- How to get your computer on the network
- Wireless Information
- Campus VPN Service
- SSH Tunneling
- Locating an available network port.
- How do I find my IP address or MAC address?
- Can more than one computer share a network port?
- How do I find out my operating system type?
- Who is my Research Support Officer?
- Building cable/wiring diagrams
- How do I setup a student/class account?
- Is this network port active?
- Is my machine supported by CUSG?
- What’s the name of my computer?
- Reporting Network Problems
- Networking at Berkeley Way West
Locating an available network port (aka cable ID)
The ports are located in rectangular floorboxes; there are generally at least a couple in each room. Each floorbox has a pair of phone jacks on the left, power in the middle, and RJ-45 Ethernet ports on the right. The ports are numbered with Cable ID numbers ending in B or C (the jacks with Cable IDs ending in ‘A’ are phone jacks). An example of a Cable ID in Soda Hall is ‘3A-075-B’. (Note: In the past, Soda Hall Cable IDs were represented without hyphens (e.g. ‘3A075B’). As of March 2003 this usage has been discontinued in favor of the hyphenated version, which corresponds to the actual labels that you will see in Soda Hall offices.)
The ports are located in white boxes, generally mounted on the walls. Each box may have 1, 2, 4, 8 or more ports. Each port is labeled on the front of the box. The Cable IDs in Cory identify the endpoints of the cable – the first number will be the wiring closet and is in general the same on each floor. The second number is the room where the port is located. The third number is a unique number for each port in that room. An example of a Cable ID in Cory Hall is ‘315-395-001’.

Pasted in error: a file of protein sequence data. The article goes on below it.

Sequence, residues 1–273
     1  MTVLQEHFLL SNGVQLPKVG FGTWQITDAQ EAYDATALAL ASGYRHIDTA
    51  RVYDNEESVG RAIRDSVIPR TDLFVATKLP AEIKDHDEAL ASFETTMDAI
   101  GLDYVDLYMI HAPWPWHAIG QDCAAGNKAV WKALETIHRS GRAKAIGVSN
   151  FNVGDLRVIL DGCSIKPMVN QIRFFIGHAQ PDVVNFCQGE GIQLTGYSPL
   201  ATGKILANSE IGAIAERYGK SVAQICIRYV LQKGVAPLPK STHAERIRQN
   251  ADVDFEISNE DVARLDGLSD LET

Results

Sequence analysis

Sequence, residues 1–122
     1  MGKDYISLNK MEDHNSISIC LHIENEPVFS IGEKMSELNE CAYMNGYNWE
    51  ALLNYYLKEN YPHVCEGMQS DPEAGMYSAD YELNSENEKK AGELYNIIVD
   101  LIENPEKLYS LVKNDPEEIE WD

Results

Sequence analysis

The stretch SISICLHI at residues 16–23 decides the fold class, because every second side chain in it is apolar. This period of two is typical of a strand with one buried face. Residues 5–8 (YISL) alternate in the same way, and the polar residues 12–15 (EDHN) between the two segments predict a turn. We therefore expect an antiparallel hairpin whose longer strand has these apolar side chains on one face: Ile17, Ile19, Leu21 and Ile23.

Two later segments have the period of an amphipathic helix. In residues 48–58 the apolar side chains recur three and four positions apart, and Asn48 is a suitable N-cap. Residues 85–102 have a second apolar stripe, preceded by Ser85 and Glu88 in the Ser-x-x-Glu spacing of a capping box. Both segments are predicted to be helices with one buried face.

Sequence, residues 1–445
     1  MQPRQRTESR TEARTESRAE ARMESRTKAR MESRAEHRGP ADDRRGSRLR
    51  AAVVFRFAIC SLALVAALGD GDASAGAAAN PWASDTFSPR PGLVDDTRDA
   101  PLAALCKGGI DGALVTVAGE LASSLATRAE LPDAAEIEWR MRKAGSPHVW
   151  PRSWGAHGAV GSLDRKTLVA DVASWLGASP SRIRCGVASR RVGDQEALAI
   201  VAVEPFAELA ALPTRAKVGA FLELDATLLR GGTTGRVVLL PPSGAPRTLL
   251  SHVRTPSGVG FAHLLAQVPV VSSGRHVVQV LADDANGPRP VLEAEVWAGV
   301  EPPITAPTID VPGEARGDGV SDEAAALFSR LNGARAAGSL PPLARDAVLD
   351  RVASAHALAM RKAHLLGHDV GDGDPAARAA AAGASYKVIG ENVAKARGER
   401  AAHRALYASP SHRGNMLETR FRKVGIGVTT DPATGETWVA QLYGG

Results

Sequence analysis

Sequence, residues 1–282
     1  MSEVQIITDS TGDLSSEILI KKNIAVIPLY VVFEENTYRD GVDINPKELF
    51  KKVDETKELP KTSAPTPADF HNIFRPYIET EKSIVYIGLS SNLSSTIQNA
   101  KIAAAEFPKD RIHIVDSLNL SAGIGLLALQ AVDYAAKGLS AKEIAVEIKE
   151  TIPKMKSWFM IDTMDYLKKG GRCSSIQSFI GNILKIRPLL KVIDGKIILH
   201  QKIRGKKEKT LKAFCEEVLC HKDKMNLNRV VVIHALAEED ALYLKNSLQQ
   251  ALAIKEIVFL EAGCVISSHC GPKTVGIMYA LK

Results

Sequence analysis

SUTARDJA DAI HALL
In offices, network ports are built into the walls, 18 inches above the floor. In open spaces, network ports are built into the baseboard of the cubicle walls. In general, each location has one BLUE data port and one WHITE phone port. Like in Cory, the printed numbers identify the endpoints of the cable. The first number is the wiring closet, the second is the room where the port is located, and the third is a unique identifier in the room. In Sutardja Dai, which follows the current campus labeling standard, an additional suffix identifies the type of cable; “D” for data cables, or “V” for voice cables. An example of a Cable ID in Sutardja Dai Hall is ‘671-630-003-D’.
Finding IP address and MAC address
- Click on Start → Run.
commandin the Run dialog box.
ipconfig /alland press Enter. You should see output that includes the “Physical Address” for your active network adapter — this is your MAC address.
To find the MAC address on a Sun OS, Solaris, Linux, FreeBSD, or NetBSD machine; use the
ifconfig -a command (as root) and look at the output for the relevant interface.
For HP-UX machines, use the
The MAC address can accessed from the menu bar and through System Preferences.
Click on the apple on the menu bar and select “About this Mac.” Click on the “System Report” button, then select “Wifi” or “Ethernet” underneath the “Network” tab. The MAC address will be listed on the right.
To access from System Preferences, select “Network” from System Preferences” then click on “Advanced”. Select the “Hardware” option and the MAC address will be listed below.
Who is my Research Support Officer?
A Research Support Officer (or RSO) oversees distribution of funds from University accounting sources (e.g. research grants). Each faculty member usually has a single RSO. If you are a a student, look for your advisor on the ERSO website to find their corresponding RSO. Otherwise, ask your EECS account sponsor, advisor or supervisor.
Building cable/wiring Diagrams
How to Setup a Student/Class Account
Visit https://inst.eecs.berkeley.edu/~iesg/new-users.html for more information.
Is this network port active?
Use the IRIS Network Query Forms
Is my machine supported by CUSG?
You can check for machines currently supported by contract on CUSG’s List Contracted Systems page.
Finding Out the Name of Your Computer
- On your desktop, right click on My Computer and click on Properties.
- Click on Network Identification and look for your computer name.
Reporting Network Problems
Please fill out a Network Problem Report